There’s a guy named Randolph Carter. Carter has experienced a recurring dream, in which he walked through a glorious city, impossibly beautiful. The dream ends abruptly, before he’s ready for it to conclude, and it stirs up Carter’s deepest emotional memory. He suspects he knew this city in a past life, or as an infant, and furthermore, he believes that the gods intervene to keep him from experiencing the city in full. This is why, he figures, he keeps waking up whenever he tries to descend from the high plaza over the city into its streets.
He prays to these mysterious gods, both in the waking world and while asleep, but they do not answer him. Thus he makes the decision to travel as a pilgrim to the land of Kadath, “unknown Kadath in the cold waste where no man treads,” where these gods dwell in an onyx castle. There, in person, he shall petition them for access to the city of his dreams. How Carter knows where the gods dwell, and how Carter knows the gods are the responsible parties for his pain: unaddressed.
Kadath can be accessed from the land of dreams only (how Carter knows this is not addressed), and so Carter must visit the Dreamlands. His method for doing so: he dreams that he descends seventy steps to a great cavern, lit by lamps, which is itself a temple. The two priests of the temple, bearded men named Nasht and Kaman-Thah meet him and hear his plan. They warn Carter that the gods of Kadath don’t enjoy it when mortals show up from nowhere and bug them. Also they don’t know how to get to Kadath: it’s accessible from the land of dreams, but which land of dreams? The land of dreams dreamed by people who live on Earth, or the Dreamlands corresponding to other planets? It’s a foolish quest, is their basic point. That’s not even getting into the many dangers involved in long-distance Dreamlands travel. The gulf between worlds in the Dreamlands isn’t occupied by an infinite empty void, but by demons.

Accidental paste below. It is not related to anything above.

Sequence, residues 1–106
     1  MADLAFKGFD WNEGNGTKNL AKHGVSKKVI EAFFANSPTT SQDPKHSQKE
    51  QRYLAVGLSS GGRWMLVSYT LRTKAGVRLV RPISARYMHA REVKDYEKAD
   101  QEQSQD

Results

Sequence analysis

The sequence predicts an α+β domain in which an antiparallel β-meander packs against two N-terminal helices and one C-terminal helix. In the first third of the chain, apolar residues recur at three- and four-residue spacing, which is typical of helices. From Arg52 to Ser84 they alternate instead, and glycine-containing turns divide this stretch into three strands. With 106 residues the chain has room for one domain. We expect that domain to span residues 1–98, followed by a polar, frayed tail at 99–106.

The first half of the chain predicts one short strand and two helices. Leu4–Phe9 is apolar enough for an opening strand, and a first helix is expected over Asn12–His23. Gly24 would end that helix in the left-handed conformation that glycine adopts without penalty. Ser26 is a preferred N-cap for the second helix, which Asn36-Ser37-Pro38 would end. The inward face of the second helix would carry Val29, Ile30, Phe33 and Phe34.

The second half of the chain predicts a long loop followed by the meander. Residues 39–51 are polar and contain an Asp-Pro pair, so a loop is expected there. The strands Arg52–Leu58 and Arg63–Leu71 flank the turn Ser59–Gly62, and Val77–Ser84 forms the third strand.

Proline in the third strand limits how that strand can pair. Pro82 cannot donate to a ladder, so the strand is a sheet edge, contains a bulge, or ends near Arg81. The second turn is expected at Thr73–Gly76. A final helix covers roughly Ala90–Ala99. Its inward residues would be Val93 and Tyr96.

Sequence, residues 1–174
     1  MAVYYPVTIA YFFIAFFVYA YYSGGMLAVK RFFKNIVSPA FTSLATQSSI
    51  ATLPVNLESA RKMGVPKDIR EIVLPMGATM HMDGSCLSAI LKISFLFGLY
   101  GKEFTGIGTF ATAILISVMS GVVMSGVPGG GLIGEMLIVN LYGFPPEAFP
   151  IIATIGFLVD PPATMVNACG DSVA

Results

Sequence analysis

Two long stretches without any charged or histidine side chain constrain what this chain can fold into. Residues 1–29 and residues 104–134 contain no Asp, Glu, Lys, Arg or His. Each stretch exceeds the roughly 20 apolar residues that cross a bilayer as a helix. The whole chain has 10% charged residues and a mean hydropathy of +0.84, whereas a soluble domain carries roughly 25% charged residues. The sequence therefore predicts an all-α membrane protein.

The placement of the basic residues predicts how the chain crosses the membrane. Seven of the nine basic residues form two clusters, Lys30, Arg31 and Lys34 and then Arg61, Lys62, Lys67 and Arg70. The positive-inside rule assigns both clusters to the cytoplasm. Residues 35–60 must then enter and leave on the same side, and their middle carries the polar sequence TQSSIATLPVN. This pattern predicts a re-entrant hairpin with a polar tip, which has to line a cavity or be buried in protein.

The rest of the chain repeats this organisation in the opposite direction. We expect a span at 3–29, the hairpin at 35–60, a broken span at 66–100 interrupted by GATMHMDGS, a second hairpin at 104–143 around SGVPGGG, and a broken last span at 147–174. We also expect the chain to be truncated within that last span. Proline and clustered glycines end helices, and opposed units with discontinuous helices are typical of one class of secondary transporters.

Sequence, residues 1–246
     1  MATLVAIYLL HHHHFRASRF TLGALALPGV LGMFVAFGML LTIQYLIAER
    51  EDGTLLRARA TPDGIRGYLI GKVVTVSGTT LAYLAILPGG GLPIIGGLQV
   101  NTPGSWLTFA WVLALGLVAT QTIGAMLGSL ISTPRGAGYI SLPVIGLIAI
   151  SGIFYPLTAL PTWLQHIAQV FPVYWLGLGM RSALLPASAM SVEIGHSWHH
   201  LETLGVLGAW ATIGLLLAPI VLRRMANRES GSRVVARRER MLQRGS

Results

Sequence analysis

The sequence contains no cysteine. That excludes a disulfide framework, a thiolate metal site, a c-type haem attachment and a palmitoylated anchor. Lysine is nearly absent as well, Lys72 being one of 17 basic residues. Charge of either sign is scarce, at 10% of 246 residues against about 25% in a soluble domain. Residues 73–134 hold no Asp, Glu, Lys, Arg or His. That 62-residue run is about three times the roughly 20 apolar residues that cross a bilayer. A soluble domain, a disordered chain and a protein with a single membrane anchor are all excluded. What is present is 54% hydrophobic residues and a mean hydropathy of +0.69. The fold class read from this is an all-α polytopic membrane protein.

The description of these demons defies summary: “…that shocking final peril which gibbers unmentionably outside the ordered universe, where no dreams reach; that last amorphous blight of nethermost confusion which blasphemes and bubbles at the centre of all infinity – the boundless daemon sultan Azathoth, whose name no lips dare speak aloud, and who gnaws hungrily in inconceivable, unlighted chambers beyond time amidst the muffled, maddening beating of vile drums and the thin, monotonous whine of accursed flutes; to which detestable pounding and piping dance slowly, awkwardly, and absurdly the gigantic Ultimate gods, the blind, voiceless, tenebrous, mindless Other gods whose soul and messenger is the crawling chaos Nyarlathotep.”
Lovecraft lays it on a little thick at time but he’s still way better than Malory. Only three people in all of history ever successfully visited the interstellar gulfs and returned, and of the three, two came back crazy. But Carter refuses to listen to the priests’ warning. He descends from their cavern down another flight of steps, eighty steps down to the Gate of Deeper Slumber, and emerges into the Dreamlands proper, in an enchanted forest.